"The brush is fairly unpleasant. It's class one basically but you need to be a little bit careful that you don't bash yourself right off the ridge edge which did have dropoffs in some places especially on the east side of the ridge. But really this "climb" is sort of in the Cascadian category of easy but unpleasant. No tricky crux to stop you, but a little bit of suffering will be required. As mentioned earlier, there is one other possible approach. You could try to drive that dirt and grass road that goes east from the gate. It may not last long and it may require 4WD, I just don't know since we didn't try it. Conceivably though this could get you up to about 3680 if you could drive it to the road end on the map. If driveable to the road end shown on the map it would perhaps be a slightly shorter off-trail distance than our route and it cuts off the road walk portion of the trip. In your wildest dreams, you might even hope that the lumberjacks have punched the road even closer to the summit than is shown on the map. On the other hand, you'd have to fight up and down through the brush while our route was more flat and we did benefit a bit from the abandoned roadbed. If I were to do this again I would try driving that spur road just in the hopes of getting lucky and finding that I could get even closer than the endpoint of this road shown on the map. But barring that unlikely bit of good fortune, I'd be inclined to repeat our exit route. Long pants and shirt are recommended and gaiters might not even be a bad idea. Going up the lookout is a good idea, in part to get a view of the true summit and intervening terrain. Also, it is worth visiting the lookout because the view from there of Darrington area peaks like Whitehorse is frankly about the only redeeming feature of this peak. Given the low elevation and relative accessibility of this peak, I would definitely consider it as a winter hike option. I don't think there were any gates until the one at the location noted above so you could drive to the snowline. Road are always more pleasant to snowshoe than walk in my opinion. A decent snowpack might put you above some of the brush, plus it wouldn't be leafed out. So I would strongly consider that option if I were to do this again, which I sure as hell won't."--Eric Noel, July 14, 2007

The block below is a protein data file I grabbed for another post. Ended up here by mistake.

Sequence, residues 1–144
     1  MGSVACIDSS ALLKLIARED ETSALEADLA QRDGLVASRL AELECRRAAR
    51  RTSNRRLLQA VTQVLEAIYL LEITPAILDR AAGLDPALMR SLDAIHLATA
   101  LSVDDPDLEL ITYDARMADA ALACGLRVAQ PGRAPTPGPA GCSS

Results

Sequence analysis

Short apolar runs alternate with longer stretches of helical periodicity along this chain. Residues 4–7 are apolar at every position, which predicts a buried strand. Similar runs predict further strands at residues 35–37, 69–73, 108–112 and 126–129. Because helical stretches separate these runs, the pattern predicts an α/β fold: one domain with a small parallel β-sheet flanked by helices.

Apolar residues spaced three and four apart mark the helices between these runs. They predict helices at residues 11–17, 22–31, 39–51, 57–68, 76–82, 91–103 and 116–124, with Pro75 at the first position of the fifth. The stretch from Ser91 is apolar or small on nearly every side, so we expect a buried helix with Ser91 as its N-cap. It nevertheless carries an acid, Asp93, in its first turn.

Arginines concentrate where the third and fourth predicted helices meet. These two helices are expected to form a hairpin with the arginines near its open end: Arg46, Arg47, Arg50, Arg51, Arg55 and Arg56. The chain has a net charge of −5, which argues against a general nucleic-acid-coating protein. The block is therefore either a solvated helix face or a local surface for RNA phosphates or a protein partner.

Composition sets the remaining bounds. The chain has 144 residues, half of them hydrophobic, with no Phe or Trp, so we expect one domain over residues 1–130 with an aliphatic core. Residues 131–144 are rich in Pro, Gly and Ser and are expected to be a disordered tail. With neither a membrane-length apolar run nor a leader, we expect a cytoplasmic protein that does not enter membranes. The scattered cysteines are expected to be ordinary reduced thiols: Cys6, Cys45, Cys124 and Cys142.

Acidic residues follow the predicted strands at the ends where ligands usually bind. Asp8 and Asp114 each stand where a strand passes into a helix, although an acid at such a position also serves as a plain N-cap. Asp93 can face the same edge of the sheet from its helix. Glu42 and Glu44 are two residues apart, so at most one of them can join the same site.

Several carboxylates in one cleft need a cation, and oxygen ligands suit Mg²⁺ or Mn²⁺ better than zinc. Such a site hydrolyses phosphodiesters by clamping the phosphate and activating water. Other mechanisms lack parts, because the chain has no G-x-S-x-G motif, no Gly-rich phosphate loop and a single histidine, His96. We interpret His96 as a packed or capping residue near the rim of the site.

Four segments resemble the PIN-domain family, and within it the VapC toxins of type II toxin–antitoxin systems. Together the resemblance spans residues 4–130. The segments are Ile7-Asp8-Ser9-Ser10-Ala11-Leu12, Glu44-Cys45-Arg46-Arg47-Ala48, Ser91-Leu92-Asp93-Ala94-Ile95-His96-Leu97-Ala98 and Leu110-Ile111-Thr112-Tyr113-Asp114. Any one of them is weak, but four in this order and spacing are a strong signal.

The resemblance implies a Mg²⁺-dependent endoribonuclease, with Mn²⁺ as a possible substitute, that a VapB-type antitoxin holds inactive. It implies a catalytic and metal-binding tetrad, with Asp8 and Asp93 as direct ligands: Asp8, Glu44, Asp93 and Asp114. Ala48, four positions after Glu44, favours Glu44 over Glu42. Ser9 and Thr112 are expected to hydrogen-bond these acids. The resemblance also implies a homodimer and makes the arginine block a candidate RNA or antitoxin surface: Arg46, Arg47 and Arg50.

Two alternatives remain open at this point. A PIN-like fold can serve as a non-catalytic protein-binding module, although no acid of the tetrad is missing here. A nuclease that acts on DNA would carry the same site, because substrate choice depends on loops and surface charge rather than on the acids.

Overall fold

|Summary Total Data|
| Elevation Gain:||680 ft / 206 m|
| Extra Gain:||100 ft / 30 m|
| Distance:||3.4 mi / 5.5 km|
| Route:||Road then Sucky Brush|
| Trailhead:||New Gate at 3400' 3360 ft / 1024 m|
| Grade/Class:||Class 1|
| Quality:||2 (on a subjective 1-10 scale)|
| Route Conditions:||Road Hike, Bushwhack|
| Gear Used:||Ski Poles|
| Weather:||Hot, Calm, Clear|